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Last week, Harvard finally gave up trying to build a tunnel under Cambridge Street as part of the new Center for Government and International Studies (CGIS). This event marked the end of a rancorous battle between the University, local activists and the City of Cambridge. But the elimination of the tunnel from Harvard’s construction plans means only one thing: nobody won.
The CGIS plans originally called for one five-story building, but when local residents objected to the size, Harvard planners split the center into two smaller buildings positioned on opposite sides of Cambridge Street. A connecting tunnel would have been beneficial for students and faculty using the facilities, as well as for neighbors averse to the noise and bustle generated by academic centers.
By helping to nix the tunnel, the City of Cambridge and its residents sentenced themselves to increased foot and truck traffic around the CGIS. Two separate buildings require two loading docks for trucks, but only one would have been needed if the complex had a tunnel. Neighborhood activists also foolishly passed up what Harvard claimed was a $5 million bargaining concession, including a million-dollar parcel of land designated for a park, a $300,000 donation to the neighborhood and a five-year moratorium on construction by Harvard in nearby blocks.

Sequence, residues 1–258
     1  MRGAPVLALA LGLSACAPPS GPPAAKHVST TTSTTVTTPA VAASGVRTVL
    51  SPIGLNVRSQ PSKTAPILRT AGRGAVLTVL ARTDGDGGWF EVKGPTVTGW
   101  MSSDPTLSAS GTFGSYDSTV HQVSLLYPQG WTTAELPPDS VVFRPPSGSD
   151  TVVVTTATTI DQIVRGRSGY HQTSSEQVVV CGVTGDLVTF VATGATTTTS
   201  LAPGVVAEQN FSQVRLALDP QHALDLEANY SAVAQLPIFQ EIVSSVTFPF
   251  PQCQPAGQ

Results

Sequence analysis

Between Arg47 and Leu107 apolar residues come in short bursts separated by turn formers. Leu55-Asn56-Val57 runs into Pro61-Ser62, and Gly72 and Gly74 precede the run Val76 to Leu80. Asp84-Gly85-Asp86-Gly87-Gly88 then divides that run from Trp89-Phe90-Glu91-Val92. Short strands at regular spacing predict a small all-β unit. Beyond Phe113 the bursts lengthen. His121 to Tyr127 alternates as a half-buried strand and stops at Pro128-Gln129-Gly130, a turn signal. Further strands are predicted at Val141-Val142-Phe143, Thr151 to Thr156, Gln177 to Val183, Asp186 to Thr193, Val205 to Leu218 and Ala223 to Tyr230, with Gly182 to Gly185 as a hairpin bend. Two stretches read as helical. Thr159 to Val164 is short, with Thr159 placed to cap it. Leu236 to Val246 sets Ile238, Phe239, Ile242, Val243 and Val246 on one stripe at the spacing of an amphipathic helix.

The City Council, however, stipulated concessions that would have cost Harvard $10 million for the construction of the tunnel, according to the estimates of University officials. The neighborhood’s rejection of Harvard’s initial generosity was short-sighted and their subsequent demands—including a tunnel that would have cost $280,000 in construction—border on extortion.
Harvard, for its part, refused to put on the table in any substantive way the usage of CGIS buildings and unreasonably prevented residents from acting as representatives for their Mid-Cambridge constituents during negotiations. Harvard’s stance on setting deadlines, for example, was so inflexible that even the University’s lone supporter among the Cantabrigians, Rick Childs, said he felt like “someone was putting a gun to my head.”
The year-long negotiations over the tunnel were conducted in poor faith. Not only was the negotiation process terribly bungled, but both parties showed little real interest in agreeing. Despite expressing disappointment in the failure of the plans, both sides displayed an utterly uncompromising attitude when the issue was on the table, and both had a hand in killing the plan.
Neither Harvard nor Cambridge should expect to gain from such dysfunctional and hostile exchanges, as the plight of the CGIS tunnel has so clearly demonstrated. Hopefully, however, the frustration over this disagreement, and the recognition that both parties would have benefited from the tunnel’s construction, will give way to a more cooperative spirit between the University and the city in the future. As the mutual loss of the tunnel has so clearly demonstrated, we are in this together.
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